Perhaps the time has come for me to put down my sword and pick up my pen. Preferably on a beach somewhere under an umbrella. Drinking one of those drinks with its own little umbrella.

Stay safe and healthy and take this week’s poll.

The Long and Winding Road

Last year, I summoned up the strength to set up an appointment with the Victim’s Advocate at the Diocese. It was my first time back in the building since I had been fired three plus years before. I still carried memories of being escorted out of the building inside the pit of my stomach. I was afraid of running into someone I knew while walking into the main entrance (which is now securely locked with an inside glass door that requires admission from the front desk before being granted access). I was afraid that I might see someone in the elevator. I was afraid of the judgmental glares I might receive or of someone spotting me and calling the police. I was afraid of what the people I used to know who used to love me might have been told about me.

I felt the fear that many of those like me who have been abused by a priest or other predator as an adult, and who have been victim shamed, have felt.

But the meeting with the advocate went well. He agreed that it sounded very much like I had been harassed and acting as if I had been sexually harassed. I gave him a copy of my book. He asked if I would like to meet with the bishop. I agreed. I left feeling a bit stronger and more confident.

Then Covid hit and it took another six months to get a virtual appointment set up with the bishop. He very kindly listened to my side of the story. He asked me had I not ever had this happen in any other job? Basically minimizing the event. Or perhaps suggesting I had simply misjudged what was going on. I told him that nothing like this had ever happened before to the extent where I felt it had been deliberate and I felt threatened and I had lost my job because of it. He asked me if I still felt that my faith was intact. I told him that he now had information about this priest and it was up to his conscience as to how to utilize that information as this priest was still saying mass and acting in a counselling position.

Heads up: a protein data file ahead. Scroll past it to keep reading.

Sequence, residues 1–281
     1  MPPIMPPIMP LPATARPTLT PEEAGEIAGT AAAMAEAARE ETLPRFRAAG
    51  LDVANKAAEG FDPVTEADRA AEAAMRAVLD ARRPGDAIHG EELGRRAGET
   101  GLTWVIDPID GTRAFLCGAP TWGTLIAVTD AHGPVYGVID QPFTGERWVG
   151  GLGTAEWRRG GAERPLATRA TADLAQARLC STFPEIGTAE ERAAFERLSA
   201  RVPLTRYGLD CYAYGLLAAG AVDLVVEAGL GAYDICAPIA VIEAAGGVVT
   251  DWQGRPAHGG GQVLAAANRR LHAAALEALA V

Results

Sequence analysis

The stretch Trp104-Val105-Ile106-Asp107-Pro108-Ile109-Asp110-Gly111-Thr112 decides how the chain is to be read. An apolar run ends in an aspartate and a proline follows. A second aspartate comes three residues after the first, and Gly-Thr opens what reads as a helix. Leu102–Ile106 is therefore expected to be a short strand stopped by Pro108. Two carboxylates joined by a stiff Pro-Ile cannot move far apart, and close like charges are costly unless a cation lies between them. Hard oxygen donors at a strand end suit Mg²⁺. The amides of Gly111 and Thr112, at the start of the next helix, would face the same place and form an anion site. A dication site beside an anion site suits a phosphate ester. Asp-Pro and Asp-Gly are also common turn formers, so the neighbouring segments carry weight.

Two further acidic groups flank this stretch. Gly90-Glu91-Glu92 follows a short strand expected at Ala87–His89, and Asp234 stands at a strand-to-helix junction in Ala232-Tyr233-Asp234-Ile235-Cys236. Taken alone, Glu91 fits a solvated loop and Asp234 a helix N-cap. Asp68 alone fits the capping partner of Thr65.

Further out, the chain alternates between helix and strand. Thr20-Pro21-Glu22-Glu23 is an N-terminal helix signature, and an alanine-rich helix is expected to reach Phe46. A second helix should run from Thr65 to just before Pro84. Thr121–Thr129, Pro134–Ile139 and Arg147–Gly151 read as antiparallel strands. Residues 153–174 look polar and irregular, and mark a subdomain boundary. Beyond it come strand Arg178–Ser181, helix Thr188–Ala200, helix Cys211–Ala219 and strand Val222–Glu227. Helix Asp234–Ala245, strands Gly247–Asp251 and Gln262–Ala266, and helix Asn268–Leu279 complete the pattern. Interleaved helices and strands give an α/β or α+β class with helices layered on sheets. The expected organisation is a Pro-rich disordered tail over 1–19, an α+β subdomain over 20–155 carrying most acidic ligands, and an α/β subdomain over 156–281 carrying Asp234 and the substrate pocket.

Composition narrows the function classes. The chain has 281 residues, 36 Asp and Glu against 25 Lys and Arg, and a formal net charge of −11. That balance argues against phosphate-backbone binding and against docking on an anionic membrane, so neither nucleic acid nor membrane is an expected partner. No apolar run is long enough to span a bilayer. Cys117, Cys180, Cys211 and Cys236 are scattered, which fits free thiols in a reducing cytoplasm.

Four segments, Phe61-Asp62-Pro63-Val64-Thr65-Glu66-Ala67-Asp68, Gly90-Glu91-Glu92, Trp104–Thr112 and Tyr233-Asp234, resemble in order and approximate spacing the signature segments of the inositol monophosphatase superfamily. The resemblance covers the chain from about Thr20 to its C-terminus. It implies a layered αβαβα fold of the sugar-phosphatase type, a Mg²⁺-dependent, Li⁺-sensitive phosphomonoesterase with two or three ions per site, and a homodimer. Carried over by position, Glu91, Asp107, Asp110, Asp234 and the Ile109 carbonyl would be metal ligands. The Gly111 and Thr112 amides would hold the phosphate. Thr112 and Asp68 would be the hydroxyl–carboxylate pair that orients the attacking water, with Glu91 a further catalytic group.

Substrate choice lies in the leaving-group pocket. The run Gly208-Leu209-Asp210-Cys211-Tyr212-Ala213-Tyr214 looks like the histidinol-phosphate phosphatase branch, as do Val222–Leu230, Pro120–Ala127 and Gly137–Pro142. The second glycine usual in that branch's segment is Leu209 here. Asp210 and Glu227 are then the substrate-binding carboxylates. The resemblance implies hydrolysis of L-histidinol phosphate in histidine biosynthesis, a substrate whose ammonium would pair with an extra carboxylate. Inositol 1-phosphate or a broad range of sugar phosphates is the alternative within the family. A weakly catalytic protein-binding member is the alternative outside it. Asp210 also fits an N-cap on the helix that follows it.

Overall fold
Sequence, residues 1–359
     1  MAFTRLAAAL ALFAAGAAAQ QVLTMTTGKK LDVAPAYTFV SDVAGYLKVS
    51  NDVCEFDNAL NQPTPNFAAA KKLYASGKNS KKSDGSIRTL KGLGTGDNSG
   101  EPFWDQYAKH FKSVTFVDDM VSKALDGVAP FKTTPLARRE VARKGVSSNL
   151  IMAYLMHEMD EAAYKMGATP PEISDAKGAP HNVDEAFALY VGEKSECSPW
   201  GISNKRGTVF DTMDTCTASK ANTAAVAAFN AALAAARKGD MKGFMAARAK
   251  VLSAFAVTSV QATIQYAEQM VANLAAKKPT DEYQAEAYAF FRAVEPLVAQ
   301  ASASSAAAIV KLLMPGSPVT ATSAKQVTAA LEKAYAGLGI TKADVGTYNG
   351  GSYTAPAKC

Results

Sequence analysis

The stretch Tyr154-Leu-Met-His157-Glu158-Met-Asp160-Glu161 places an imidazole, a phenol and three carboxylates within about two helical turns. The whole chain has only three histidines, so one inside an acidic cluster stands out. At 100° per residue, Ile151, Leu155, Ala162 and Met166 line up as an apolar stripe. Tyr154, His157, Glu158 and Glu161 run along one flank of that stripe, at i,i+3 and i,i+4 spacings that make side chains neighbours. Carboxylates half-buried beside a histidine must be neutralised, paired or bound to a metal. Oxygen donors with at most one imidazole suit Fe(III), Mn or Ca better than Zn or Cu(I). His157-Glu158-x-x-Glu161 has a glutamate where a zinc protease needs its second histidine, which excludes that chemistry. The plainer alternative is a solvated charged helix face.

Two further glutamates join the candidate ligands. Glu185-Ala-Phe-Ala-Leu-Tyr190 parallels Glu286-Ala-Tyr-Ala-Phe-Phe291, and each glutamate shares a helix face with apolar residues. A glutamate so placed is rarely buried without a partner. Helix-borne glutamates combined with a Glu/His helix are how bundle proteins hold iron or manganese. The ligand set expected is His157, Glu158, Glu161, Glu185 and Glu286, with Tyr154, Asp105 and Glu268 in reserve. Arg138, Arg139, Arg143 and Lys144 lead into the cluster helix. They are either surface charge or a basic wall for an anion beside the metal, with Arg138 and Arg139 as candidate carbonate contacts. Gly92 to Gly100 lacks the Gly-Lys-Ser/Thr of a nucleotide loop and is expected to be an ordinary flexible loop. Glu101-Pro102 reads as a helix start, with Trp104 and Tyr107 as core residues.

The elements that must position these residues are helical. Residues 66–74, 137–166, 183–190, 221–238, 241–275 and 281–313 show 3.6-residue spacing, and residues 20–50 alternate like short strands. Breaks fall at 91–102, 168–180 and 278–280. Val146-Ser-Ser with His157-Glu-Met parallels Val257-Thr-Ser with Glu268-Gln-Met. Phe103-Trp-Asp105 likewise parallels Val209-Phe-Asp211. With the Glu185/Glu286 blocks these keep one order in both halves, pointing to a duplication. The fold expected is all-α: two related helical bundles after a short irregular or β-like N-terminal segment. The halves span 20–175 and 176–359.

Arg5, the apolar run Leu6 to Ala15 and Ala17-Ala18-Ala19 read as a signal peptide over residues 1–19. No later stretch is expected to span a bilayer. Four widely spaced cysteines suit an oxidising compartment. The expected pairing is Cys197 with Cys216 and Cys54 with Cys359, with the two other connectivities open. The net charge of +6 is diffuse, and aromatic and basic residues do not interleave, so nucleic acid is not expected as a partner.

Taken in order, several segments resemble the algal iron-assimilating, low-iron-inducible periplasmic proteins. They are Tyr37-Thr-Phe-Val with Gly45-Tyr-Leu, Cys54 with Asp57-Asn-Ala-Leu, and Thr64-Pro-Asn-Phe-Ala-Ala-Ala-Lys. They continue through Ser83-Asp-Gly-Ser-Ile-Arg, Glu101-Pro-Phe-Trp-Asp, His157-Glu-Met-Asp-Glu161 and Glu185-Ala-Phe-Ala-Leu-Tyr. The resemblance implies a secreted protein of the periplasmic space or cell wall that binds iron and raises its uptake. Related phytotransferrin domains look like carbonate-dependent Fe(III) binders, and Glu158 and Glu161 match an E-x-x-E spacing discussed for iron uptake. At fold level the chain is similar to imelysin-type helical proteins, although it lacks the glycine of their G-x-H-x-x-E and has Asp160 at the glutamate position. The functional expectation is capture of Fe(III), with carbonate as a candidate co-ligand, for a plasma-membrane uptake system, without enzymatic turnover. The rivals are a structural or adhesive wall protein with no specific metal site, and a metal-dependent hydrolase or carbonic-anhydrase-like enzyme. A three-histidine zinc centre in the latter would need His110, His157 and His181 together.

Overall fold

I just want to mention here that someone who was trying to be helpful, mentioned I should try another church as the Catholic church was obviously having major issues. To that person I would like to say that what you need to understand is that first of all, this goes on in every religion for some reason. There are no “safe” religions. And also, when you have gone through the games and the cover-ups and the suggestions that perhaps you misunderstood or that you are a fragile being who fell in love with a priest and that is the entire story…now go say five Hail Mary’s and ask God for forgiveness….when you have been threatened and brainwashed and someone attempted to control and degrade you….the last thing you want or that you trust is a religious person…I don’t care who they are. It still opens up the wound once again of having been through the rabbit hole…the insanity….the emotional abuse….the being picked because of your trust and your faith and vulnerability and knowing that they have the goods to further destroy your life if you push back. They go back to using the same conditioning they have used your entire life. Using God as a manipulative tool.